Turning to the figures, FIG. 1 provides illustration of a system 100 for configuring different types of reference signals, in accordance with an embodiment. System 100 can be any wireless radio device that for purposes of illustration, can be any type of mechanism, machine, device, facility, apparatus, and/or instrument/instrumentality that includes a processor and/or is capable of effective and/or operative communication with a wired and/or wireless network topology. System 100 can be a network device of a plurality of network devices that can form a multicarrier wireless network infrastructure. Mechanisms, machines, apparatuses, devices, facilities, and/or instruments/instrumentalities that can comprise system 100 can include tablet computing devices, handheld devices, server class computing devices, machines and/or databases, laptop computers, notebook computers, desktop computers, cell phones, smart phones, consumer appliances and/or instrumentation, industrial devices and/or components, hand-held devices, personal digital assistants, multimedia Internet enabled phones, multimedia players, consumer and/or industrial appliances and/or instrumentation associated with automotive vehicles, industrial and/or consumer appliances and/or instrumentation associated with aerospace vehicles and/or satellites orbiting in low earth orbit, geosynchronous orbit, and the like.

As depicted, system 100 can comprise configuration engine 102 that can be in operative communication with processor 104, memory 106, and/or storage 108. Configuration engine 102 can be in communication with processor 104 for facilitating operation of computer-executable instructions or machine-executable instructions and/or components by configuration engine 102, memory 106 for storing data and/or computer-executable instructions and/or machine-executable instructions and/or components, and/or storage 508 for providing longer term storage of data and/or machine-readable constructions and/or computer-readable instructions. Additionally, system 100 can also receive input 110 for use, manipulation, and/or transformation by configuration engine 102 to produce one or more useful, concrete, and tangible results, and/or transform one or more articles to different states or things. Further, system 100 can also generate and output the useful, concrete, and tangible results and/or the transformed one or more articles generated by configuration engine 102 (and/or generated or facilitated by other associated and/or additional disparate engines and/or components) as output 112.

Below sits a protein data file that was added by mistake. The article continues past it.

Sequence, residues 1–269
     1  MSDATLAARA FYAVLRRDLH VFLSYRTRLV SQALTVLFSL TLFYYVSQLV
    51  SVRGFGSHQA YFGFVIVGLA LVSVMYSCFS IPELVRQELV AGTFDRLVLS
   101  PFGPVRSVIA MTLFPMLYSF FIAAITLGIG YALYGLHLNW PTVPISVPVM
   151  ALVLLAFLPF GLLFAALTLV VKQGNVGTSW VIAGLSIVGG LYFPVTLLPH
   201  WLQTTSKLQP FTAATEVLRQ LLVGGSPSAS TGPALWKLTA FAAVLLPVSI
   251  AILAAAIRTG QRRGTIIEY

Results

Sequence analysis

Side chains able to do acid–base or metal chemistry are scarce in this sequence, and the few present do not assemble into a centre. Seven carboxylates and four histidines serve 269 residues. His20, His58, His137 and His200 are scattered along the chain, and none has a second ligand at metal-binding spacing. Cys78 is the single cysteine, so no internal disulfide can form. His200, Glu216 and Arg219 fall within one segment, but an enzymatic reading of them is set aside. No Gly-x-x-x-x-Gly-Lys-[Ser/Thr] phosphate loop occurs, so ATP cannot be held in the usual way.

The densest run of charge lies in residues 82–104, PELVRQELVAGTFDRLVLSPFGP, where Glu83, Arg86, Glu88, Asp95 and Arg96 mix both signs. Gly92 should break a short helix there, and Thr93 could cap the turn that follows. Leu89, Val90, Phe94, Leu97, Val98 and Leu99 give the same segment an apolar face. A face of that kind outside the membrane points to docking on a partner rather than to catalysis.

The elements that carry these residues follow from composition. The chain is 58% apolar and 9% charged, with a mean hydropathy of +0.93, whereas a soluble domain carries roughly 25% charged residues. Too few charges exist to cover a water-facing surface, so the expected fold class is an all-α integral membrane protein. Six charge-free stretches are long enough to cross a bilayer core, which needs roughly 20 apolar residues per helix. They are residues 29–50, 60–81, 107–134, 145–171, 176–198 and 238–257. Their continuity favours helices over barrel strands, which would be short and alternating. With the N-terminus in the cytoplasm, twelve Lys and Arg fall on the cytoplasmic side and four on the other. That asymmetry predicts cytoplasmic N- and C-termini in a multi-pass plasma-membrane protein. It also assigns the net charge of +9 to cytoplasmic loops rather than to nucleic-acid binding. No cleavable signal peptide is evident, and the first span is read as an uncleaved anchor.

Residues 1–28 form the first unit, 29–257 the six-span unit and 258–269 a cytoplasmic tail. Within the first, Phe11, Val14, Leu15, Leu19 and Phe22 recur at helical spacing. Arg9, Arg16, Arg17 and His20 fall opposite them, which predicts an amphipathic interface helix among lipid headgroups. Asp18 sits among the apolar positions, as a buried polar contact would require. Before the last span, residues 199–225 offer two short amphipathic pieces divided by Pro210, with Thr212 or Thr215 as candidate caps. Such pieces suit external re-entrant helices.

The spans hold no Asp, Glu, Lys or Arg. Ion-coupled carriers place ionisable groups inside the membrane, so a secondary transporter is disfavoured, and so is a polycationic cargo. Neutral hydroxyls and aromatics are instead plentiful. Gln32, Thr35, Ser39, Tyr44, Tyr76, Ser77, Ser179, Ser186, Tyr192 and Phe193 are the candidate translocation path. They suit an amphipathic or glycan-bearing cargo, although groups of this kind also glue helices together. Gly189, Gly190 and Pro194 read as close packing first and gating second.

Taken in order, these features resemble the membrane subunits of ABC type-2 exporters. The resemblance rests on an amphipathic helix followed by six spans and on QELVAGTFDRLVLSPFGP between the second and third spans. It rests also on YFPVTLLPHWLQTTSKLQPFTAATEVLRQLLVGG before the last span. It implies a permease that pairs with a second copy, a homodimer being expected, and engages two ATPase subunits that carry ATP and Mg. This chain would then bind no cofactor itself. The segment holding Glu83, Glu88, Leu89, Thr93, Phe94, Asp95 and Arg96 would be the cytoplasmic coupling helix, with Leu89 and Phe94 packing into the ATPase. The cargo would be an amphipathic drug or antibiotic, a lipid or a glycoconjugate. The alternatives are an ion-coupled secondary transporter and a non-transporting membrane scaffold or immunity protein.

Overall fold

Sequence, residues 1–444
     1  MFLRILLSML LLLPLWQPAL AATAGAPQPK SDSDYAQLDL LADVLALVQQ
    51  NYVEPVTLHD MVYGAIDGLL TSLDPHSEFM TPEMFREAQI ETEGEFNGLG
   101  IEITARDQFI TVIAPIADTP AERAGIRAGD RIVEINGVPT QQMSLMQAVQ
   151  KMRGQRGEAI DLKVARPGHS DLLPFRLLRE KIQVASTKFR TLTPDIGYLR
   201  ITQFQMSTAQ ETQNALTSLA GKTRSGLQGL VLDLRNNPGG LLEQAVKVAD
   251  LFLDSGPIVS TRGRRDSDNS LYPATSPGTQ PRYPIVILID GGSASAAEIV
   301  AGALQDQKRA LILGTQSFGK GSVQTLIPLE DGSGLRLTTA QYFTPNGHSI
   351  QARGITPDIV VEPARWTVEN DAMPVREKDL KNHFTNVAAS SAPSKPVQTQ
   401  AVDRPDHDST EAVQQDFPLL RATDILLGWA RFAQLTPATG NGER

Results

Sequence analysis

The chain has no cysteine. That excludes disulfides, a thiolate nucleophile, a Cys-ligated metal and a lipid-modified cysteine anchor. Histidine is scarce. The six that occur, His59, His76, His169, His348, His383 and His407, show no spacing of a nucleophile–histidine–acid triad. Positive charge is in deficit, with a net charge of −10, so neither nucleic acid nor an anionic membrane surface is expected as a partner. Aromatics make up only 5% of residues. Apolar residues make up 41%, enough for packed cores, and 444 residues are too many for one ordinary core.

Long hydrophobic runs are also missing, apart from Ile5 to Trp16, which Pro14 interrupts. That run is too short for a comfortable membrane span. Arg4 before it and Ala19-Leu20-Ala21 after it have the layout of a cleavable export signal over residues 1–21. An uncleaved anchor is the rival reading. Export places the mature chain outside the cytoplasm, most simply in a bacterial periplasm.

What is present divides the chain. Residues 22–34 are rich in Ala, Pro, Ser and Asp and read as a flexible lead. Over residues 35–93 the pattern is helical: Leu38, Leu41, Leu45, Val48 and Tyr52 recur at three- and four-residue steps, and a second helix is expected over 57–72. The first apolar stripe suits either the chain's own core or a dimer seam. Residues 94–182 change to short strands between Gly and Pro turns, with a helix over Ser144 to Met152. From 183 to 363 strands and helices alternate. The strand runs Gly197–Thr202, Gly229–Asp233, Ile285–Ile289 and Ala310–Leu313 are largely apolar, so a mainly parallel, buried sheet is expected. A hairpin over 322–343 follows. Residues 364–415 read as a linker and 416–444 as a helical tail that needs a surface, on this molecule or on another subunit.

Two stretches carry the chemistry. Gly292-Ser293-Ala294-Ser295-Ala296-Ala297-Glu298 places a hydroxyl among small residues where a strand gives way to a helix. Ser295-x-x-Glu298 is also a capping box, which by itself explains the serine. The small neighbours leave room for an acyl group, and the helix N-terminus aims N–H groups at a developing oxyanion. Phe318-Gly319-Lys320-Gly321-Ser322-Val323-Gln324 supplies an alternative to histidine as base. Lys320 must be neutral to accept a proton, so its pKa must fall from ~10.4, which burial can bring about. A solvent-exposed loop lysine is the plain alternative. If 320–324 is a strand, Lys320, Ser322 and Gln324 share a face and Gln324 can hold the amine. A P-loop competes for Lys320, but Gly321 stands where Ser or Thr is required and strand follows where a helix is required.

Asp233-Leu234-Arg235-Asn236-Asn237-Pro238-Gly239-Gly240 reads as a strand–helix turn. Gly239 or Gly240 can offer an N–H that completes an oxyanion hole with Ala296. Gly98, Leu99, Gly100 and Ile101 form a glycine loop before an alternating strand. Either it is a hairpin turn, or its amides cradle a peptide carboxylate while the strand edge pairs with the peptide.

In accordance with an embodiment system 100, can receive, as input 110, reference signal values from a user equipment device (not shown) with which system 100 can be in communication. The reference signal (RS) values can relate to and be associated with a synchronization signal block (SS-block) values, channel state information reference signal (CSI-RS) values, sounding reference signal (SRS) values, demodulation reference signal in uplink transmission (DMRS) values, total radiated sensitivity (TRS) values, phase-tracking reference signal (PT-RS) values, and the like. On receiving and in response to receiving the RS value, configuration engine 102, as a function of the received RS value, a RS type, a cell identifier value (and/or cell sector identifier address) associated with system 100, an identifier value associated with the user equipment device (e.g., international mobile subscriber identity (IMSI), media access control (MAC) address or ethernet hardware address (EHA)), base station device (e.g., next-generation NodeB (gNB), evolved NodeB (eNodeB), . . . ) unique identifier, etc., can generate a unique identifier to be associated with the RS.

Configuration engine 102 can thereafter, based on, or as a function of, a RS type and a CC index list can allocate resources to be associated with the RS. Resource allocation performed, or facilitated, by configuration engine 102 can be determined based on: RS types, subcarrier values, orthogonal frequency division multiplexing (OFDM) symbol resource values, bandwidth (including bandwidth part configuration) values, frequency offset values from an absolute radiofrequency channel number (ARFCN) center frequency value, frequency offset values from a bandwidth part (BWP) center frequency value, sub-frame offset values, sub-frame periodicity values, a value indicating a number of ports, and the like.

Configuration engine 102, having performed, or facilitated, resource allocation, can associate the previously generated unique identifier with the resource allocation, a component carrier index list, and a reference signal type in a data structure. Example data structures that can be employed as data structures can include arrays, lists, doubly linked lists, array lists, linked lists, self organizing lists, binary trees, randomized binary search trees, self balancing binary search trees, heaps, binary heaps, hash tables, hash trees, directed graphs, adjacency matrixes, adjacency lists, hypergraphs, and the like. Configuration engine 102 can then store the data structure to memory and can also transmit the data structure back to the invoking or initiating user equipment device.